Empidonax traillii extimus A. R. Phillips, 1948 — Overview

Southwestern Willow Flycatcher learn more about names for this taxon

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The Southwestern Willow Flycatcher (Empidonax trailii extimus) - also known as Traill's Flycatcher - is an endangered bird in the Tyrannidae family. A small bird - usually a little less than 6 inches in length, including tail - it has conspicuous light-colored wing bars but lacks the conspicuous pale eye-ring of many similar Empidonax species. Overall its body is brownish-olive to gray-green above, with a whitish throat, pale olive breast, and yellowish belly. It's bill is relatively large, with a completely pale lower mandible. Both sexes are alike.

True to its name, it feeds primarily on flying insects, collecting them by sallying (flying out short distances from perch) and, to a lesser extent, hovering and gleaning. It's also been known to eat a few berries and seeds.

They are best identified by vocalizations - a liquid, sharply whistled whit! or a dry sprit; its song is a sneezy witch-pew or fitz-bew. While perched, it characteristically flicks its tail slightly upward.

The flycatcher is a summer breeder within its range in the United States (Arizona, California, Colorado, Nevada, New Mexico, Texas and Utah). It is gone to wintering areas in Central America by the end of September. Nest territories are set up for breeding, and there is some site fidelity to nest territories.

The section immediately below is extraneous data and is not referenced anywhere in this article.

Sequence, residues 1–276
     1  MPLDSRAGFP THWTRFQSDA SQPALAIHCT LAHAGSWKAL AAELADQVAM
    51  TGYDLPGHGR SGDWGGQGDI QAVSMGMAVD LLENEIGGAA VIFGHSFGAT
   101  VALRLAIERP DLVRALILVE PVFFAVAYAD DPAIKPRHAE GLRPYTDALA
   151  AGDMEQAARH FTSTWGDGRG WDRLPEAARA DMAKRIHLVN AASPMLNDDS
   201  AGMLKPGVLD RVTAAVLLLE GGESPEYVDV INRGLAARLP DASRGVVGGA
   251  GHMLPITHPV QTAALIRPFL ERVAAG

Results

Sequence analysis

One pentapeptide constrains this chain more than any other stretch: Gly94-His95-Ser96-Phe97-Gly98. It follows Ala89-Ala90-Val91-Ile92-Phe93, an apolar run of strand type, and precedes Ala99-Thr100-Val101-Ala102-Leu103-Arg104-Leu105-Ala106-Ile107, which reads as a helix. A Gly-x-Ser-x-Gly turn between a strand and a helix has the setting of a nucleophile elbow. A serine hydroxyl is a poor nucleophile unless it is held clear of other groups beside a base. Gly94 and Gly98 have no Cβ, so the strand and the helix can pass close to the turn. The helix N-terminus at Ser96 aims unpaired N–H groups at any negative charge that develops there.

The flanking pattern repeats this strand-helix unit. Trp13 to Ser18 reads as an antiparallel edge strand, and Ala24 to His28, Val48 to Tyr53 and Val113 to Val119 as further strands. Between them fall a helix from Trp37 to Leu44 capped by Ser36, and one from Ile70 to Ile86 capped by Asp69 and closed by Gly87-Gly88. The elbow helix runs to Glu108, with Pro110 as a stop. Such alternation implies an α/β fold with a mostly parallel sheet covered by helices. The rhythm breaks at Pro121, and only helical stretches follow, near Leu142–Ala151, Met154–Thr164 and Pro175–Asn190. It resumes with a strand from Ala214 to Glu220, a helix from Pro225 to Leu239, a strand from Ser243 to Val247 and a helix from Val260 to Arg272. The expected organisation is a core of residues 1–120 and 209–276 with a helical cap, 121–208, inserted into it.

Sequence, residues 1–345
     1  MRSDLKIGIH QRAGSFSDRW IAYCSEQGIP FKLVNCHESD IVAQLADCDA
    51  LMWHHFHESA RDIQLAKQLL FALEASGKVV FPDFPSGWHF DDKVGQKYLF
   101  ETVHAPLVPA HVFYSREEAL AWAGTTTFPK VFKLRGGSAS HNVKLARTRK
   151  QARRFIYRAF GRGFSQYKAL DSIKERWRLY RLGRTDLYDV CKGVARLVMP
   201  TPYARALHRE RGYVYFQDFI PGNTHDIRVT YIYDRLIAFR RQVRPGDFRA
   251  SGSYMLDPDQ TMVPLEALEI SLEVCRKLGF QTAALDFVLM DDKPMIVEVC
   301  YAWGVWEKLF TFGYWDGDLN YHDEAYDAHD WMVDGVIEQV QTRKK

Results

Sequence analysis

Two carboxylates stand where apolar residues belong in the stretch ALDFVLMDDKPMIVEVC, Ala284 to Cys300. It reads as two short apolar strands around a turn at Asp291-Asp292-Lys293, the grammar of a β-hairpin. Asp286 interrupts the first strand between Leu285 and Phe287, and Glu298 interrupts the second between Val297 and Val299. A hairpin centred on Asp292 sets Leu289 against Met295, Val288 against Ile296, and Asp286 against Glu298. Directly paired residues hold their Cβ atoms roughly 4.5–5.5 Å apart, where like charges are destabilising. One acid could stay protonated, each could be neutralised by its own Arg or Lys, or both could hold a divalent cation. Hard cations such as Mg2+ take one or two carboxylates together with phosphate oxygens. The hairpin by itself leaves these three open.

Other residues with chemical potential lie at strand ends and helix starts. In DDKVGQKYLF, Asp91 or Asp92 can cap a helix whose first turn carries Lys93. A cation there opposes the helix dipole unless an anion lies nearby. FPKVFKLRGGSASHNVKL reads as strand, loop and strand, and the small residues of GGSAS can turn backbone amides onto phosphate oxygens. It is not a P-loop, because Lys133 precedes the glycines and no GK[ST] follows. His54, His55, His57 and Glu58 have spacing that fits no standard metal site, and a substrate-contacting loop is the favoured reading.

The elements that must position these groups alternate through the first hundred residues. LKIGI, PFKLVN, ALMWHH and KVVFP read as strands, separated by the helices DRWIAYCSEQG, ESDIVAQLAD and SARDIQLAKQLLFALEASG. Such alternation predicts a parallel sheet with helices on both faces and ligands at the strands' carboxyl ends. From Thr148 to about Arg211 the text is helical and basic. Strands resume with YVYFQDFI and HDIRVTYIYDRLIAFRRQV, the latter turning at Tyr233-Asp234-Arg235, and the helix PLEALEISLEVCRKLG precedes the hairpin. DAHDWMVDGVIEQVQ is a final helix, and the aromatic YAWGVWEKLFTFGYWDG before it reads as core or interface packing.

Empidonax trailii extimus arrives on breeding grounds in late April to early May. Nesting begins in late May and early June, with fledging from late June to mid-August. Typically lay 3-4 eggs per clutch, laid at one day intervals and are incubated by the female for about 12 days. Young birds fledge 12-13 days after hatching. Typically only raise one brood per year; however some pairs will raise a second brood, or renest after a nest failure.

For nesting, requires dense riparian (the interface between land and a river or stream) habitats with microclimatic conditions dictated by the local surroundings. Saturated soils, standing water, or nearby streams, pools, or cienegas are a component of nesting habitat that also influcences the microclimate and density of the vegetation component. Habitat not suitable for nesting may be used for migration and foraging. Loss and degradation of these dense riparian habitats are the primary habitat threat to the flycatcher. Historically, water developments that altered flows in the rivers and streams were the primary threat. Now, with riparian areas limited and re-growth difficult due to changes in flows, fire is a significant risk to remaining habitats. Human disturbances at nesting sites may result in nest abandonment.


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